Residents have their say on future use of Seaside
Waterford - About 80 area residents, town officials and state legislators turned out Monday for an informational session at Town Hall on the future of the former Seaside Regional Center for the developmentally disabled, which Gov. Dannel P. Malloy in September announced would become a state park.
The meeting was hosted by representatives of the state Office of Policy and Management, Department of Energy and Environmental Protection and the Department of Administrative Services - the three state agencies working on plans to develop the park.
Most of the meeting was unstructured, with town and state officials and contractors mingling alongside attendees. Questionnaires were distributed to collect ideas about what should be included in the park, which Jason S. Hellendrung of the planning and architectural firm Sasaki Associates said would be culled for ideas to be incorporated into a vision statement and used as material for future meetings.
"It's nice to actually come and have an open forum," said Gene Ryan, whose Woodsea Place home abuts Seaside. He said he felt that at past meetings pertaining to Seaside, members of the general public were unable to make their voices heard.
Sasaki, headquartered in Watertown, Mass., and West Hartford-based Oakpark Architects are charged with developing a master plan for the park. Sasaki has in recent years developed citywide park plans for Bridgeport and Hartford, according to Hellendrung.
Some at the meeting proposed uses for the buildings such as a rehabilitation center for veterans and their families, or group homes for the disabled. Others said that the buildings for them were not a great priority - they were more concerned about whether the park would accommodate swimming and other outdoor recreational activities.
"History is great, but I'll take natural beauty anytime," said Waterford resident Bonnie Sullivan, who said she worked as a recreational therapist at Seaside when the site was used as a treatment center for the developmentally disabled.
Sullivan said she continues to visit the property for walks and to go swimming.
Denise Bouchard, who works for DEEP as the seasonal manager at Harkness Memorial State Park, said she attended the meeting to get an idea about how increased traffic between Harkness and Seaside would impact the endangered piping plover bird population that nests in a preserve adjacent to Harkness.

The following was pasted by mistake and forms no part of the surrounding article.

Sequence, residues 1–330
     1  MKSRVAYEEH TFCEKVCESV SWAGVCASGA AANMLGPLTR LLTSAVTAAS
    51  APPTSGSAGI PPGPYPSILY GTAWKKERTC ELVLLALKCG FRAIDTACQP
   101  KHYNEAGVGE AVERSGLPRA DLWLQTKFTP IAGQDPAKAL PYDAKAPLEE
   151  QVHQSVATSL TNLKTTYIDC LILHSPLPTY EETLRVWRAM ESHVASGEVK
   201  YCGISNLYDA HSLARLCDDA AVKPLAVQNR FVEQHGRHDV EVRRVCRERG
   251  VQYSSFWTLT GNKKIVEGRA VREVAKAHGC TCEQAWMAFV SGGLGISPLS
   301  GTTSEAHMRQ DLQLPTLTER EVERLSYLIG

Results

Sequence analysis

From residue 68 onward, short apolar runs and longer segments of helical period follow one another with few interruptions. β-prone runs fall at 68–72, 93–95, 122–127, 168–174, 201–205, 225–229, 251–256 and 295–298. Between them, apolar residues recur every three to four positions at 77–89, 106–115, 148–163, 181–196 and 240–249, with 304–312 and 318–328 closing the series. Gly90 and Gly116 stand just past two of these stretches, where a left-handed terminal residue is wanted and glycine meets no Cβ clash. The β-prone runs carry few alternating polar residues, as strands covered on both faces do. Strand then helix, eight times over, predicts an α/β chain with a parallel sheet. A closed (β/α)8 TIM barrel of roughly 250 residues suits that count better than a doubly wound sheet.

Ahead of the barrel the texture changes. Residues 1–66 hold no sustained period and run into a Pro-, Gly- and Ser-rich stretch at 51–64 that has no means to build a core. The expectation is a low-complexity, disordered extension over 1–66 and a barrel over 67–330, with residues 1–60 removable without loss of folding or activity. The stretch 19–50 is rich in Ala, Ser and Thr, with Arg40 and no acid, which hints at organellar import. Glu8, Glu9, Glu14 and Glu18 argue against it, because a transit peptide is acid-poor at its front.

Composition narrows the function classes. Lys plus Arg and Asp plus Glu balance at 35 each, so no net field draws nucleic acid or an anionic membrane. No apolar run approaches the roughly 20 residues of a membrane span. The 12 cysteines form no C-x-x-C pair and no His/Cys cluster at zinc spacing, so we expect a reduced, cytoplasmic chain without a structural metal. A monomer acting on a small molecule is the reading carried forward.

First Selectman Daniel Steward gave DEEP Deputy Commissioner of Environmental Conservation Susan Whalen a letter at the meeting in which he proposed a public/private partnership in which a private entity could use buildings on site and maintain other aspects of the park, while keeping public access to the shorefront open.
"This alternative would allow the State to have the park fully maintained and provided by private funds rather than expending taxpayer dollars to establish this park," reads Steward's Dec. 15 letter.
He said during the gathering that he would like to see tax revenue generated by the site.
Hellendrung said during an introduction to the meeting that three more meetings were planned for the spring: one in late January, another in late February or early March, and a culminating meeting to address the full master plan in mid-April.
Hellendrung said he anticipates some results from a planned structural analysis of buildings to be available in time for the next meeting. He said he expects full results in time for the meeting slated for late February or early March.
In addition to public meetings, DEEP is collecting comments via email at firstname.lastname@example.org. The agency has also created a webpage where presentations from public meetings and other information will be posted: www.ct.gov/deep/seaside.
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